23 July 2014
Skills reform in Australia is an “absolute shemozzle” and is jeopardising a world-class vocational education and training system, says Jeff Gunningham, recently retired chief executive of TAFE South Australia. But the apparent troubles besetting TAFE are the invention of a “misinformed media”, according to the Victorian minister.
Gunningham told the Victorian TAFE Association conference that bureaucratic bungling and an obsession with the bottom line is degrading training and threatening the existence of public TAFE institutes.
TAFE is at risk in Australia, driven by a Council of Australian Governments policy on entitlement which is simply not working. It’s a dog’s breakfast.
Gunningham, who has run colleges in Australia, Britain and the United Arab Emirates told the conference he supported competition, which “has been with me my entire life”.
But the “ad hoc” implementation of the COAG policy, which allows private RTOs to compete for government training funds, was hurting students, employers and TAFEs.
On paper the entitlement model is sound policy, but it’s been poorly implemented across Australia. TAFE in Australia has taken over 100 years to evolve into a world-class VET system, but the way things are going it will be brought to its knees in just a few short years.
You should be under absolutely no illusion: TAFE as we know it is definitely at risk.
Gunningham said skills reform in South Australia was a good example. Within 15 months, the 2012 reforms had generated almost 150,000 extra training places — almost 50% above the government’s target, and three years ahead of schedule — while reducing training costs, making South Australia the cheapest state on a per-place basis.
But this “great set of headlines” belied the reality, which was that the Further Education Department had “spent too much money too quickly” on the reforms. “It has been the major cause of non-stop tampering with the training market ever since,” he said.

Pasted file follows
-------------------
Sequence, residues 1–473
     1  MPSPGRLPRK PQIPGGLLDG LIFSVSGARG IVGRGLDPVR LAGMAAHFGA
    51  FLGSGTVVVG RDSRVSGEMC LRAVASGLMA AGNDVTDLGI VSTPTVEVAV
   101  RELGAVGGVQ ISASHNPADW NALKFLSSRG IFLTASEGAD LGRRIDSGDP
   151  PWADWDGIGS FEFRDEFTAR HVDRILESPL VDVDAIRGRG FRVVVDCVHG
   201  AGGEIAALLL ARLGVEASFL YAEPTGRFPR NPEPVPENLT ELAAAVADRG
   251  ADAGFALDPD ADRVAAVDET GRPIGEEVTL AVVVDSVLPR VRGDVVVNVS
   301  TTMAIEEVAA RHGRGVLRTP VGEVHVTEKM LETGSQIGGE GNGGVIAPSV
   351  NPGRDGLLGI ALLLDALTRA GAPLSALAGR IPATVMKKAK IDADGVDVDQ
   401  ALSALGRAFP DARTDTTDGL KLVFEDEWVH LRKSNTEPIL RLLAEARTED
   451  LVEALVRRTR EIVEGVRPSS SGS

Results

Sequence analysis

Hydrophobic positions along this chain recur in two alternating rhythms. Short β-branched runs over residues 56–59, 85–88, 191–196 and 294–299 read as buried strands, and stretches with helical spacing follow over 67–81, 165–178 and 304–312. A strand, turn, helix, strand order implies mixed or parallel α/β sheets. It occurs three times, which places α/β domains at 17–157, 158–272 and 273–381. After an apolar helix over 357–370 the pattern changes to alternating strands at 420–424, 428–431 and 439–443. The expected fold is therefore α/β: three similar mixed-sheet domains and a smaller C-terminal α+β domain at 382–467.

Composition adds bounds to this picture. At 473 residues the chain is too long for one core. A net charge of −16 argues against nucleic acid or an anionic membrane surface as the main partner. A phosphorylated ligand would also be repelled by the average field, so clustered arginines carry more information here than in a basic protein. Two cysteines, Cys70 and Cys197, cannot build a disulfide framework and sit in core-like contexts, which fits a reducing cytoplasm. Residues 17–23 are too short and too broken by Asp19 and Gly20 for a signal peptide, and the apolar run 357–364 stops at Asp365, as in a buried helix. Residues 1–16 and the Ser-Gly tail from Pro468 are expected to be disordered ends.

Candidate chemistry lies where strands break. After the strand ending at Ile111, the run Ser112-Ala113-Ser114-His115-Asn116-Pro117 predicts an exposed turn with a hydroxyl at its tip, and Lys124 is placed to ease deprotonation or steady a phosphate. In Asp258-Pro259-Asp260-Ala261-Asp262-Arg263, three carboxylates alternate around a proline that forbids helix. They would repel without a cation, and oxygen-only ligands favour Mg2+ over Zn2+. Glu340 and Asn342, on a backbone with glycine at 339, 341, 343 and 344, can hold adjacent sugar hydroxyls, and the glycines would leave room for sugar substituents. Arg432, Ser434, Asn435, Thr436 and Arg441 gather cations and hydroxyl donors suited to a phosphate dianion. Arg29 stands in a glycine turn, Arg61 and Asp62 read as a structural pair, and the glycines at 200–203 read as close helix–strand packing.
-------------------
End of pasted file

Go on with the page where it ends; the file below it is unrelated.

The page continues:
The government is about to unveil the ninth version of its training market in two years. Caps had been imposed on the courses it funded, the number and types of students who could take them and the money TAFEs could expend.
The training market in SA is highly managed and a million miles from being truly open and competitive.
TAFEs in SA had lost 18% of their revenue and 15% of their staff over the first 18 months of the reform, and now faced further losses.
Gunningham said the reforms were being driven by Treasury and were “all about reducing costs … Is it really that good to be bottom of the barrel on costs? At the end of the day, quality costs money.”
Raymond Garrand, chief executive of what is now the Department of State Development, said the government had taken “active steps” to ensure its skills funding was closely aligned to industry demands. Garrand said the government had maintained a strong focus on quality, with SA boasting among the highest student satisfaction levels in the country
….what Mr Gunningham fails to point out is that TAFE SA is supported through additional subsidy support.
Victorian skills minister Nick Wakeling told the conference that “negative, misinformed media” is shackling TAFEs in the competitive marketplace.
He said that young people in the state are becoming accustomed to choice and they will know nothing other than a training market where different providers compete for their enrolments.
If we allow ourselves to run down the TAFE brand, we are competing with our strongest asset effectively wasted.
Wakeling told TAFE executives that preserving and strengthening the TAFE brand was as important as delivering effective training and getting the best out of their staff.
Let’s all work together to stop the cycle of negative, misinformed media coverage that damages confidence in the TAFE sector, and leads to students or employers making decisions based on spin rather than evidence. Students don’t choose to leave training, they just choose to train somewhere else.
This is a fine sentiment but to assert that the TAFE brand is being talked down and damaged by media misreporting and myth-making is simply fatuous and belied by the facts. In Victoria – and now South Australia – the public TAFE network is tottering, with a declining share of enrolments and mounting financial losses. As expressed in the LH Martin submission* to a recent House of Representatives inquiry:
Under current settings, many TAFEs risk becoming residualised, needing “special assistance” to cover declining revenues. This runs counter to the logic of “marketisation” and it runs counter to Australia’s economic and social interests.
The capability and reach of the VET system is being rundown and what is now a diverse and polychromatic system will be reduced to a disturbingly homogenous and monochromatic system.
* Brendan Sheehan was involved in making the submission.